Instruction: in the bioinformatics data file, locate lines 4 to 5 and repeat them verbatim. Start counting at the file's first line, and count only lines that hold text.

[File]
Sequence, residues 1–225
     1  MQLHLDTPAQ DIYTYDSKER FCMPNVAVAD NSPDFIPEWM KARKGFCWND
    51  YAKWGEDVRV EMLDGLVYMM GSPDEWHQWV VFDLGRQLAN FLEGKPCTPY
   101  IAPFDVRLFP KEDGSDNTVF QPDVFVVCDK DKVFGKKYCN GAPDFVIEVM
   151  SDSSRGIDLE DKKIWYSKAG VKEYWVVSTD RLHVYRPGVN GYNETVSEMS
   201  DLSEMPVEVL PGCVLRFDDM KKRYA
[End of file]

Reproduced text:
   101  IAPFDVRLFP KEDGSDNTVF QPDVFVVCDK DKVFGKKYCN GAPDFVIEVM
   151  SDSSRGIDLE DKKIWYSKAG VKEYWVVSTD RLHVYRPGVN GYNETVSEMS